Badlock, bad news or good?


badlock_logo(500x500)At time when everything comes nice and neatly packaged delivered to your door by person or drone, even vulnerabilities now come with marketing campaigns as seen with badlock ( They have logos, specially designed names, even their own websites and they scream from the ceiling to the often ill-informed and security unaware executive audience what it might be about and how desperately they need to listen and respond. As frustrating as it is for our poor technical teams trying to manage patching cycles and expectations off the back of knee jerk reactions to these campaigns, is this all bad or is there an important message we are actually happy to have delivered through these new marketing campaigns?

One terrific, possibly un-acknowledged, outcome from all of this is exposure. The demanding executive team who chat to colleagues or review the odd technical forum, are lured into these campaigns and often simply demand a response. However, the response they usually get is exactly what is expected, which is delivery of a remediation plan that involves patching the environment. That often means immediate deployment, minimal testing and minimal approvals required.

So who is at fault? Has the executive team actually done anything wrong by expecting a brief on the vulnerability, how the organisation is affected and a remediation plan? Or, probably the reality, are our technical teams at fault for assuming that the response required is to demonstrate how quickly they can respond and make the changes through their exceptional knowledge of these things and their ability to patch systems quickly. From an executives perspective, having a chart showing lots of red blocks that indicate vulnerability, followed shortly by a chart filled with green is a terrific result.

We need to get better at this, and right now! These flashy marketing campaigns are actually giving you and your technical teams the very opportunity needed to demonstrate to the leadership team that they are the subject matter experts. They have the in depth knowledge of the environment and the security infrastructure that supports it.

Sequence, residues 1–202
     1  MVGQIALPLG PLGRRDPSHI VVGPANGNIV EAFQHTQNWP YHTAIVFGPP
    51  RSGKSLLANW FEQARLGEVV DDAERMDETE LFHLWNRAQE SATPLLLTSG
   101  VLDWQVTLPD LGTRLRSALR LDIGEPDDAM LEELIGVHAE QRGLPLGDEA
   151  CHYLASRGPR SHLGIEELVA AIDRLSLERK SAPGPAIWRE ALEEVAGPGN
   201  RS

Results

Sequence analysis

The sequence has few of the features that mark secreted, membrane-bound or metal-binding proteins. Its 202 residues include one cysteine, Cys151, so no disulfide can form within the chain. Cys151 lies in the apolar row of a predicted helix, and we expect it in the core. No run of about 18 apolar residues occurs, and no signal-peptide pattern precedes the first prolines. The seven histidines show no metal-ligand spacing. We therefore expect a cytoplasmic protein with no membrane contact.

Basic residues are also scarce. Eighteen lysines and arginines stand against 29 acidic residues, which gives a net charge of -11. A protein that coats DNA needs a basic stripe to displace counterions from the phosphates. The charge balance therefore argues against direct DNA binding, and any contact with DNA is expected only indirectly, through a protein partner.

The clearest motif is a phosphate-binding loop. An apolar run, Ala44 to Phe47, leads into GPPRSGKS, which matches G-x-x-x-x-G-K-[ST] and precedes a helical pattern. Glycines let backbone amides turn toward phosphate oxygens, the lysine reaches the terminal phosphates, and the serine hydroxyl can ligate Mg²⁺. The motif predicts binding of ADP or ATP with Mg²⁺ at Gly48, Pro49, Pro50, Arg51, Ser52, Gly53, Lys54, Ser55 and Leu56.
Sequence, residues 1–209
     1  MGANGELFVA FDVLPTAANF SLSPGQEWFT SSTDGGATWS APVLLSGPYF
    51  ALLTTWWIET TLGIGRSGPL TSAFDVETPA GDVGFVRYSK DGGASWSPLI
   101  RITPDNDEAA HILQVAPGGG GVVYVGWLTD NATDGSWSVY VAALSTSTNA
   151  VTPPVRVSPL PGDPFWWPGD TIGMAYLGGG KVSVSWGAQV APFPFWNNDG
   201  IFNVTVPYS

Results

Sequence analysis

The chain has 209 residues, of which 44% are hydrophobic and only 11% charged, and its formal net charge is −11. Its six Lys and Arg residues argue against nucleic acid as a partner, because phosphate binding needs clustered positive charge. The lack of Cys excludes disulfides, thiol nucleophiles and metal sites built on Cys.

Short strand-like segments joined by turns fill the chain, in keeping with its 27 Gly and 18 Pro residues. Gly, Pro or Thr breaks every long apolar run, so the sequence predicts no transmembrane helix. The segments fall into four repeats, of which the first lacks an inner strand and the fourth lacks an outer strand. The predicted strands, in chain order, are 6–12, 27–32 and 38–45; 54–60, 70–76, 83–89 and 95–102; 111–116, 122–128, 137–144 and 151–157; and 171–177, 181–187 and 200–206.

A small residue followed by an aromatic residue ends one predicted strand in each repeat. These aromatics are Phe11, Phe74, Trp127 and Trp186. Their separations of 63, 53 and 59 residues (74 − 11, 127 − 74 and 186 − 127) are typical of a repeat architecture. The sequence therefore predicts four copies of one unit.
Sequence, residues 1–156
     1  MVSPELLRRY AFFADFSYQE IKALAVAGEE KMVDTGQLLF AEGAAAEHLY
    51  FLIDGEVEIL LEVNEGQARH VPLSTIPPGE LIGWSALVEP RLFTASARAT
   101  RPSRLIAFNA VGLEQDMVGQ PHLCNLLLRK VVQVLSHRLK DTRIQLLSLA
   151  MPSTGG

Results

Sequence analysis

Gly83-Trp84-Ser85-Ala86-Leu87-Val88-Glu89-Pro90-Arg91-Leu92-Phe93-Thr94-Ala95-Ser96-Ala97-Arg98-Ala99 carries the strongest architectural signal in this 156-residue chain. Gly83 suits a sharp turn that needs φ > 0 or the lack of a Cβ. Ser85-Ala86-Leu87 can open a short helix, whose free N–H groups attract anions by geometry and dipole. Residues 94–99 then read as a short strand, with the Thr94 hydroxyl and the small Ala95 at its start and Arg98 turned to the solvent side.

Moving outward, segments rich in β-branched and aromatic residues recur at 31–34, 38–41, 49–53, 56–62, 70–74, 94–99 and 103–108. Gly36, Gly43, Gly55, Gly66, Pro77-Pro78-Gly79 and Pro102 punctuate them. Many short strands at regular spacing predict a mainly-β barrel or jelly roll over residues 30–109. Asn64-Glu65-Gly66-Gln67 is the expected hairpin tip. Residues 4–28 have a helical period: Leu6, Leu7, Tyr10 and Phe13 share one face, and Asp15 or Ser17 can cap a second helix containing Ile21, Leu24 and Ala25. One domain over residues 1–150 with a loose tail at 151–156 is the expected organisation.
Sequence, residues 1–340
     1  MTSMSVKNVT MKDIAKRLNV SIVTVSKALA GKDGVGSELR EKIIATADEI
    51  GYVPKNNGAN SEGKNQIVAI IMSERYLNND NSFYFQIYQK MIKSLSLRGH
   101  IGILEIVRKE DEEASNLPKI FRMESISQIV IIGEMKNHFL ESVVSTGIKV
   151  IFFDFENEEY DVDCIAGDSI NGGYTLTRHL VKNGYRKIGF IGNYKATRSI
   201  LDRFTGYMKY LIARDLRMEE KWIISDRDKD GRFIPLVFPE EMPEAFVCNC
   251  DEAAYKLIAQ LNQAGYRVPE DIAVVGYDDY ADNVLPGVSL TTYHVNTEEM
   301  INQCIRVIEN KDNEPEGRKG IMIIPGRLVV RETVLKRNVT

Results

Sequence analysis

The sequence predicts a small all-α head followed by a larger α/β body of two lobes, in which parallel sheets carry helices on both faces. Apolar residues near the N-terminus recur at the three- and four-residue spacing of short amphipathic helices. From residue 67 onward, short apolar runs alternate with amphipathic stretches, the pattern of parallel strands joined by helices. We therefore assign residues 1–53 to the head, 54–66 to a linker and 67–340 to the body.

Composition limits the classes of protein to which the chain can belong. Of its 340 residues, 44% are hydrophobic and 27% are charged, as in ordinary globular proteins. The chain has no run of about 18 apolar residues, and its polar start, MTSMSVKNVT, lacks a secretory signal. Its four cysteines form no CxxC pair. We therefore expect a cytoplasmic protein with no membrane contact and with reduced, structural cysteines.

I have assembled 3 quick tips to ensure you keep a cool head, and deliver exactly what the leadership team want from their Information Security Manager; A risk based executive brief.

  1. Understand where you are vulnerable – read the announcement of the vulnerability from a reliable technical source like create liaison roles within your security team to engage the teams that manage the affected infrastructure to confirm that they are vulnerable
  2. Using the knowledge of the Security infrastructure that protects the affected systems and any compensating controls, perform a risk assessment to determine the likelihood and impact of the exploitation of the vulnerability
  3. Prepare and deliver an executive brief that outlines the vulnerability, effected systems, risk to the organisation and the recommended action. This may be in the form of immediate patching anyway, however may also be adding the patches to the regular cycle as exploitation would be near impossible based on the risk assessment.

This will gain you immediate respect from the executive team as the response is calm, professional and well considered, based on a principle that they will understand; risk to the organisation. The respect level from the technical teams will also improve as they are not being told to drop everything, yet again, to patch the vulnerability because, well, we have to.

Okay, isn’t it…?

David Stafford-Gaffney